Everyone in the shoot had their creative contributions, Wena said. The full version of the video clocked in at almost 8 minutes. “Literal ang pagkakakuwento ni Ely sa story ng ‘Ang Huling El Bimbo’ but Auraeus layered the video with symbolisms, with metaphor,” shared Wena. “If you see the whole video, it begins with the Eraserheads on the roof. Kasi noong bata sila, they were on the roof, watching the girl, writing love notes to her. Then sa extro nung song, they remembered the girl kasi nabalitaan nila namatay siya. So they’re reliving her memory.”

Instead of showing the lead actress dying in a car mishap, the team decided to show her turning around using, well, a turntable. “It’s the circle of life,” said Wena. In the end, the girl is seen waving to the boys. “She was saying farewell to them, kaya huling El Bimbo.” 

Wena with Aureous Solito
Wena with the director of "Ang Huling El Bimbo music video," Auraeus Solito. Photo courtesy of Wena Basco

After the video

After the shoot in 1996, Wena became busy with her theater career, touring different countries with a French company. Eventually in 2010, she and her family decided to settle in Canada for good. Wena, who holds a degree in Psychology and has an MBA, is currently an NGO worker fighting for human rights, children's rights, children’s education, and healthcare in developing countries. 

The Eraserheads, on the other hand, established a music career of epic proportions and became one the country’s most important artists in Pinoy rock. They would disband in the early 2000s but would have a few reunion gigs, the biggest of which is the Huling El Bimbo concert now touring the world. Wena says she and the boys have not touched base since 1996, making their recent reunion one for the books.

Wena Basco with Buddy Zabala and Ely Buendia
“There was a feeling of warmth, surprise, and disbelief because of how long we have not seen each other,” says Wena of her her reunion with the Eheads. Photo courtesy of Wena Basco

The reunion

“The Eheads didn’t know that I was going,” Wena told us in the video call. But she was coordinating with her friend, former UP Tropa member and wife of Buddy, Earnest Mangulabnan Zabala. 

We asked Earnest what Wena was like in college. “Oh back then, I was in awe of her. When she was on stage, she was larger than life. Ang galing umarte. She really inhabits the role. At all-around siya cause she's also great with her work as one of the top officers ng UP Tropa.”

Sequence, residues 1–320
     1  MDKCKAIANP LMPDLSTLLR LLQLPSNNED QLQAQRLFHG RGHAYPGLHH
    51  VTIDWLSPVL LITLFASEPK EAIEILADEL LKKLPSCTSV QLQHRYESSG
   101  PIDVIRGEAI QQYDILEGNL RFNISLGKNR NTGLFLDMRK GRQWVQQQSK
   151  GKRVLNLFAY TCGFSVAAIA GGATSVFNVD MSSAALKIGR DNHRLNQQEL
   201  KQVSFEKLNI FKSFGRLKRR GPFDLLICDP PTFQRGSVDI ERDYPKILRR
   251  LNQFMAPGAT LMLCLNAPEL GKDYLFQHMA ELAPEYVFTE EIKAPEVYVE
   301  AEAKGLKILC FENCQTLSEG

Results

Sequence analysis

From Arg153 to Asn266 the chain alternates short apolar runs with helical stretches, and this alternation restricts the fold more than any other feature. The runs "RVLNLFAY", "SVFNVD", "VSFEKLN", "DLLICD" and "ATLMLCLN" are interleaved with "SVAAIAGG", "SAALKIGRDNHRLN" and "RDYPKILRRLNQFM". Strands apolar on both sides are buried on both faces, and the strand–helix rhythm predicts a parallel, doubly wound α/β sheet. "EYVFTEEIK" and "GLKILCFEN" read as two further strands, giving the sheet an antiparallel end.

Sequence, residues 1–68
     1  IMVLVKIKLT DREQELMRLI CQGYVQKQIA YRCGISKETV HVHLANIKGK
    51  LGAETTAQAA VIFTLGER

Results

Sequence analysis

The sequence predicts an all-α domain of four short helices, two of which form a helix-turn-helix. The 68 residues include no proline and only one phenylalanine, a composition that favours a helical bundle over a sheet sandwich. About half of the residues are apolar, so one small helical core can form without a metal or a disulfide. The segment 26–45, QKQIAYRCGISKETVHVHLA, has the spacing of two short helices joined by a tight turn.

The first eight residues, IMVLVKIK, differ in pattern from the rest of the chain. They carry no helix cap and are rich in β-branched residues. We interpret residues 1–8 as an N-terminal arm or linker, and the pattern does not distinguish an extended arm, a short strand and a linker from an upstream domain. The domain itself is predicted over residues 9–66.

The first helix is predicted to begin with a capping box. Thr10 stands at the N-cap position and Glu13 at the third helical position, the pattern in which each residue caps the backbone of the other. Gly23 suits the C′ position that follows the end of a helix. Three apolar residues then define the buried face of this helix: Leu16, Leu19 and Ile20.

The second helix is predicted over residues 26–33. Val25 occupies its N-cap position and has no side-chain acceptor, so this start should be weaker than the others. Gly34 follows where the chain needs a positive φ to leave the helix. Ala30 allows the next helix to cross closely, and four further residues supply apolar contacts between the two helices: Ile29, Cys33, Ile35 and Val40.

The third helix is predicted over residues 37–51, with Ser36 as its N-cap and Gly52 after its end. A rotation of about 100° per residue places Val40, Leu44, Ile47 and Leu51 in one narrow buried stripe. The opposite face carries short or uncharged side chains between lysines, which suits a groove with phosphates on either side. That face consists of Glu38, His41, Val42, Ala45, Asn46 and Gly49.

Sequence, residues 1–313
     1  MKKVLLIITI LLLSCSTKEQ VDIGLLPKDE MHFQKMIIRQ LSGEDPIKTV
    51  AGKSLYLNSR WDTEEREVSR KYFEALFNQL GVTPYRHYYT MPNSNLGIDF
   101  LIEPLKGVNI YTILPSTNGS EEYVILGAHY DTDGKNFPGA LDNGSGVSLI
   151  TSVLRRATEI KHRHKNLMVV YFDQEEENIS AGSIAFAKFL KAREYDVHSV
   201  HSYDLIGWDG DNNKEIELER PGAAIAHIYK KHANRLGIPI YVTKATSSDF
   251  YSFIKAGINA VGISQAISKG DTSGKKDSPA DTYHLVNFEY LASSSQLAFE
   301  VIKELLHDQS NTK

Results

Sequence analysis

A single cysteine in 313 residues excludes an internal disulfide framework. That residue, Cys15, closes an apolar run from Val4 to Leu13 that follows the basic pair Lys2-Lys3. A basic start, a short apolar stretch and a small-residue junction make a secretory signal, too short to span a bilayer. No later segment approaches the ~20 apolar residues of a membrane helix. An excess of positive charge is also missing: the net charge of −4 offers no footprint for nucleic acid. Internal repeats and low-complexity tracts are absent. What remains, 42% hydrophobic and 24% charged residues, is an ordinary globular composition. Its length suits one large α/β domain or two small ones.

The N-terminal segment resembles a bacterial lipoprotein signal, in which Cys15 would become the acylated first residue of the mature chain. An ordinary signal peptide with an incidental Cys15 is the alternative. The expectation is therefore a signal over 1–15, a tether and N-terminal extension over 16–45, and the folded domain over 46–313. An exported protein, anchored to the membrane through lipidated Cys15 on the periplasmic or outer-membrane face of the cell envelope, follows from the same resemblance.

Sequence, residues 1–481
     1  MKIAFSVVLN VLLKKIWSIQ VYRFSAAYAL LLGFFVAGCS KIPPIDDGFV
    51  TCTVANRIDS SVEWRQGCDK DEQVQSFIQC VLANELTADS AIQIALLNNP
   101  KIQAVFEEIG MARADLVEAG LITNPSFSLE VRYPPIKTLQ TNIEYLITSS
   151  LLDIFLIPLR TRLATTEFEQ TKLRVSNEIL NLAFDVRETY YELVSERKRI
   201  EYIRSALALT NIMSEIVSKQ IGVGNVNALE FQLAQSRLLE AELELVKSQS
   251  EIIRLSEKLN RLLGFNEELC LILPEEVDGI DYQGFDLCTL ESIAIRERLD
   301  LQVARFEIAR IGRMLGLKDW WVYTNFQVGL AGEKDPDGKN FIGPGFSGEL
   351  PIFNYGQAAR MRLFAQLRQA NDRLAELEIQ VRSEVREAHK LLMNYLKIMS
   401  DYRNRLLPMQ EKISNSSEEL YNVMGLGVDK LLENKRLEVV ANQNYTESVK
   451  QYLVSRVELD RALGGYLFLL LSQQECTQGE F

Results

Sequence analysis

Shortly before the Ontario show, Wena and her two kids were backstage and that was how she first saw drummer Raimund and lead guitarist Marcus. “They were both shocked that we’re actually seeing each other after so many years,” Wena recalled. “We stared at each other and then we hugged.”

Later, she would also see Buddy, who she said is still the same Mr. Nice Guy she knew in college. “Before the show, he asked, ‘Kumain na ba kayo?’ and even offered us food.” She got to see and have a photo with the band frontman Ely right after the show. “There was a feeling of warmth, surprise, and disbelief because of how long we have not seen each other.”

The stadium was filled with 11,000 people. “As soon as the Eheads went out… hiyawan na,” Wena said. “The first three songs were fast songs so we were all dancing. Suddenly, I felt like I was back in university.”

Since the show producers knew Wena was coming to the concert, a montage of the “Ang Huling El Bimbo” music video appeared on a giant screen, a prelude to the theater actress’ special appearance. Then Buddy took the microphone and addressed the crowd: “You remember that in the MTV we were dancing with Paraluman?” The crowd gave a thunderous roar. “She’s actually here tonight. Her name is Wena Basco. Wena, where are you?”

The spotter scanned the stadium but it would take a while for it to find Wena. “The spotter was looking for a girl wearing red. I removed my red jacket because it was hot at the stadium, ang daming tao. It took them a full minute to find me,” Wena said, laughing.

When the spotlight finally found her, Wena took a bow theater-style and the crowd applauded. “Nakakatuwa the way she acknowledged it,” recalled Earnest. “It's as if she embraced everyone in the venue. Every inch the consummate stage actress that I remember from college.”

“It was my way of saying, ‘Thank you so much,” said Wena, clearly still reeling from that “El Bimbo” moment. “Because it was such a wonderful experience to have played that role.”